Why would we expect Janet who married a minister to be as prosperous as Bill who enjoyed a successful career in the oil industry???? That entire anecdote is spurious and quite a joke. Of course, you say the state has lost 350,000 people and that is how the market works. The economically successful and prosperous ones get away and start up somewhere else, the less affluent are left behind to be insulted for their lack of enterprise. No surprise to see a "minister's wife" in that category.

    Why is the loss of Kodak jobs, or Xerox jobs, which clearly and famously arise from radical technological change, informative about the impact of the local tax regime?? Kodak and Xerox have not resurrected in another state or another country with lower taxes or less regulation. If they had a prospect of adapting to technological change, which one could doubt, the failure was in their strategic management and nothing to do with regulation let alone taxation. [I seem to recall that Kodak invented the digital camera and refused to follow up on that innovation, because it threatened their established business, so other took the lead and Kodak paid the price. I could be mistaken. ]

    Industry has fled upstate New York? Listen to Trump! Industry has fled the USA. Almost certainly, traditional industry has suffered far more than new technlogy industries, so a state like California will be gaining while a state like New York will be suffering, without any reference whatsoever to regulation or taxation per se. Of course, the desire to impose third world conditions on labour and to evade responsibility for social and environmental costs will militate against any developed country trying to protect its workers from exploitation and its consumers from harm. Manufacturing air conditioners? Auto parts? Sounds like New York state relied on too many traditional manufacturing industries and paid a price. Of course, the US model would expect the market to pick up the resulting mess - which is mere fantasy. Slash and burn is the capitalist way - creative destruction I think you like to call it.

    Why is high taxation imposed on cigarettes a burden for industry? Why is it especially harmful for economic activity to regulate gambling? Why is the sale of cheap tax free cigarettes, or unregulated gambling on the part of some native American tribes an indication of the economic benefits to aspire to in a low tax, low regulation regime?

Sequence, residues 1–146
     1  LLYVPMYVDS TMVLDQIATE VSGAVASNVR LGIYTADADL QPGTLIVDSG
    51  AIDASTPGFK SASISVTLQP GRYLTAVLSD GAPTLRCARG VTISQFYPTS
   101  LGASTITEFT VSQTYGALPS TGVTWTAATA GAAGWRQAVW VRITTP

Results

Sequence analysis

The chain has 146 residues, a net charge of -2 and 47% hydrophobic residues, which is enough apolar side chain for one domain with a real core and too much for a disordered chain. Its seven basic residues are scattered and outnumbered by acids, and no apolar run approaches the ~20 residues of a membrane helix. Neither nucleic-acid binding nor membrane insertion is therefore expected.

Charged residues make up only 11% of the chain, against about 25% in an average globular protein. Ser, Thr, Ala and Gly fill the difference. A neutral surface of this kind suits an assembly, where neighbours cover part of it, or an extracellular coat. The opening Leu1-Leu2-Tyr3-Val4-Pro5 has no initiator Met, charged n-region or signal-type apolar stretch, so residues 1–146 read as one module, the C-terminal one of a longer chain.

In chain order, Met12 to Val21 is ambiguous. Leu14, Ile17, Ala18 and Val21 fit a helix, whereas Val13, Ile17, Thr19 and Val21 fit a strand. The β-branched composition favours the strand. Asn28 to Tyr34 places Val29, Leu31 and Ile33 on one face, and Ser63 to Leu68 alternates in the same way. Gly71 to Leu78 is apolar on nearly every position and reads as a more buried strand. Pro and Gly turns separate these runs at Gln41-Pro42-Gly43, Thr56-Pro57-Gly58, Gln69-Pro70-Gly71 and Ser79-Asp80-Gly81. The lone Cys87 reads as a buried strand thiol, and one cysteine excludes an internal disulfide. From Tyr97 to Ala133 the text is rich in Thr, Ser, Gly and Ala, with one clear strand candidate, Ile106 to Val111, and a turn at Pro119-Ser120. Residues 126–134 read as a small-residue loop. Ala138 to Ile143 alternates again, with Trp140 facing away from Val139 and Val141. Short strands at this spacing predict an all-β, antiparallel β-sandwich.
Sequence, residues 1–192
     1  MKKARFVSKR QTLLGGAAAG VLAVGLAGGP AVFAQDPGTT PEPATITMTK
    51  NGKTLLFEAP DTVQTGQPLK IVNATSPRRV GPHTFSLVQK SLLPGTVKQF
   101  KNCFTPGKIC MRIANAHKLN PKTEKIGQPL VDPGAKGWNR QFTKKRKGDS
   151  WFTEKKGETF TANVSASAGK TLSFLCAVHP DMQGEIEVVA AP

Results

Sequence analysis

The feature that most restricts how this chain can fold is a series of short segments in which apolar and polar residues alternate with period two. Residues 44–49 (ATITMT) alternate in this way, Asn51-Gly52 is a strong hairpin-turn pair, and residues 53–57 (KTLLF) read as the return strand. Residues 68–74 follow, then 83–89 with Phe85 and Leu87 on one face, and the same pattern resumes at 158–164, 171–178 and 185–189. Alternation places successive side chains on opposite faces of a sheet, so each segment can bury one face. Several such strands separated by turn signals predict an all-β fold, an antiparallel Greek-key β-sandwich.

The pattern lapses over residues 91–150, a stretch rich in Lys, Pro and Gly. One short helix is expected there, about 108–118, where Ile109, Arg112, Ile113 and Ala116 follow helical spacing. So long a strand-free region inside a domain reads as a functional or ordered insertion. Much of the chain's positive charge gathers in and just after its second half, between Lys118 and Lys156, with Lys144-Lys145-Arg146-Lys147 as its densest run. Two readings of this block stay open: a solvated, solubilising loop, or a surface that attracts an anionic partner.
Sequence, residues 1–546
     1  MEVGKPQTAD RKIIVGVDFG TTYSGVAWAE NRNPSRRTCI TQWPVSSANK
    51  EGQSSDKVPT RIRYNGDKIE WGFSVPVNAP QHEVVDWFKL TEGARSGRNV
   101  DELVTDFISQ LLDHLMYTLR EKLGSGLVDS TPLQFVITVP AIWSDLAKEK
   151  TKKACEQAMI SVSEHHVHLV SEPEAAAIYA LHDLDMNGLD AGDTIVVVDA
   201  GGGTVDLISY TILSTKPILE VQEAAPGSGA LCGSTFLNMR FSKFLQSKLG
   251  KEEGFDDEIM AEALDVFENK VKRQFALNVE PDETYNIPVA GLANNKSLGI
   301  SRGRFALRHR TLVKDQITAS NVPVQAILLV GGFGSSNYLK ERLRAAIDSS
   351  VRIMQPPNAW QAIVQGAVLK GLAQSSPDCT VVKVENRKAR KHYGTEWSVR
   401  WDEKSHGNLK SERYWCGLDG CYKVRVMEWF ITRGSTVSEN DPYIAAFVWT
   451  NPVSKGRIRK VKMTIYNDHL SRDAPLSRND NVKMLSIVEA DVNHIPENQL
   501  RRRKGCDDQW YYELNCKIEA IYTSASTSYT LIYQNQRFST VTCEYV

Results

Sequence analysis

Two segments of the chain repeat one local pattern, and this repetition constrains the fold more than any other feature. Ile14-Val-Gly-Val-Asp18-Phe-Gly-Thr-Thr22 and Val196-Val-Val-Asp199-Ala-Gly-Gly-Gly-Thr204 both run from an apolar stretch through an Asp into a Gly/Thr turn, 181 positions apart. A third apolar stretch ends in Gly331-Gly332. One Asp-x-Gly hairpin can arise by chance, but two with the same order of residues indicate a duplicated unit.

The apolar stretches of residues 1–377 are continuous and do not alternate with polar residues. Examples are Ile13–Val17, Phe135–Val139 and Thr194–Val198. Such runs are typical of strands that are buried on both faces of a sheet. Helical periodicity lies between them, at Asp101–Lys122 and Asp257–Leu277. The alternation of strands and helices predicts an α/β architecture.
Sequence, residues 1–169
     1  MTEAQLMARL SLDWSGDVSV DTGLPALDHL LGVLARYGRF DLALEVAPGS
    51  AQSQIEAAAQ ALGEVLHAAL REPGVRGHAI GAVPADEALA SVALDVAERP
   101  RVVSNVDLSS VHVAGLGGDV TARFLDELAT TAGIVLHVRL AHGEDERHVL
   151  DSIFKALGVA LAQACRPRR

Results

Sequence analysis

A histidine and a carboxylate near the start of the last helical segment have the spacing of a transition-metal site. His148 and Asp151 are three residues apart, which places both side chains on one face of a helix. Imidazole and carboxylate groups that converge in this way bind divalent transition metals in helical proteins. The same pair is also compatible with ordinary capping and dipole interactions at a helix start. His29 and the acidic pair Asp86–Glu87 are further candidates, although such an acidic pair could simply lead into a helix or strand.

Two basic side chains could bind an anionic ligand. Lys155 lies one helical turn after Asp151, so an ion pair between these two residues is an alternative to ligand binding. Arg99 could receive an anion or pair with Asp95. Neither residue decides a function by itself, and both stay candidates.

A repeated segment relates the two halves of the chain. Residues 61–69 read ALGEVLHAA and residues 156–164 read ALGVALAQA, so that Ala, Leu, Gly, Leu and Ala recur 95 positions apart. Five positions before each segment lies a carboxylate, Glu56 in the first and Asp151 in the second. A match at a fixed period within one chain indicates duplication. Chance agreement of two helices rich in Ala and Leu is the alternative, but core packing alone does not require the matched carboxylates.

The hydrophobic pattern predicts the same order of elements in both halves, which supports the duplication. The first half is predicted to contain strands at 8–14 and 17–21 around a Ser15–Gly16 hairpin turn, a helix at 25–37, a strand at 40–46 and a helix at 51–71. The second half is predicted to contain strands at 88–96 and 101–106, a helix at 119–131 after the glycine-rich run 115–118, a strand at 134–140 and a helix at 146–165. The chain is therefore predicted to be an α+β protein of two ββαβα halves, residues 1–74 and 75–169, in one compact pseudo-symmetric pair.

What point is being made about demographic change in this state?

    Can I assume that New York has so many people on Medicaid because of the demographics and the levels of unemployment, and presumably California has fewer people on Medicaid because it is economically buoyant? In that case, the discussion about health spending is mixed up with discussion of economic and demographic context and we are not in fact comparing like for like, in order to establish any measure of efficiency. Note that I have no great respect for the way the US organises its health services or spending, so I have no reason to imagine that New York is any less insane in this respect than California, but in broad terms I anticipate that both have comparable models to fund health services.

    This whole piece reads like a profoundly slanted and misleading piece of propaganda by right wing neoliberals.

    Ah yes - here is the Kodak digital camera story. Naff all to do with regulation or taxation and everything to do with strategic management.
    http://www.afr.com/technology/in-1975-this-kodak-employee-invented-the-digital-camera-his-bosses-made-him-hide-it-20150813-k9zo8
  4. Standard memberRemoved
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    16 Apr '17 04:29
    Originally posted by finnegan
    Curious arguments here. I do not claim to be well informed about the state but I have many queries. [While I typed I see a more informed response has been posted, so the OP is even more dishonest than I imagined, relying on false facts as well as spurious arguments, but my review of the OP remains worth keeping. The OP's claims may be false but it is als ...[text shortened]... -1975-this-kodak-employee-invented-the-digital-camera-his-bosses-made-him-hide-it-20150813-k9zo8
    I have lived in the Rochester area most of my life. Kodak was the biggest employer, followed by Xerox.
    Both are gone except for some offices. Kodak was hurt by high taxes, but I think more from overseas manufacturing with cheaper labor and less regulation.
    When I was a young kid with no training, 18 - 25, I worked in a lot of manufacturing jobs. Some I only worked for a week, some a month and if I didn't like it, I quit knowing I would find something quickly. It was easy to find work if you were willing to work.
    That has all changed since most of the manufacturing jobs are gone.
    Here we are two years after the article was written, and in spite of the bleak numbers rightly noted, it is still a great place to live. We have plenty of good drinking water, clean air, mountains, rivers, streams, trees, public parks large and small - with great facilities, beeches, canal system with public paths for walking and biking, concerts, museums, great churches, and more.
    It is still a fairly safe area to live too, as long as you stay away from NYC.
    NYC does control the state. That's where most of the welfare, and those dependent on government live. And the article is right in that politicians pander to where the votes are.
    It is disappointing, as a citizen of this state, that our own state government sucks. With proper management, this could be a more prosperous and great place in every way for all its citizenry. Ill governing has overwhelmingly hurt our cities and poor, promoting poverty.
  5. SubscriberSuzianne
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    16 Apr '17 04:29
    Originally posted by checkbaiter
    one of the most prosperous states in the nation

    Which is where I live, Upstate NY.

    http://www.deseretnews.com/article/865626141/How-high-taxes-and-regulation-are-killing-one-of-the-most-prosperous-states-in-the-nation.html

    Upstate New York is becoming Detroit with grass.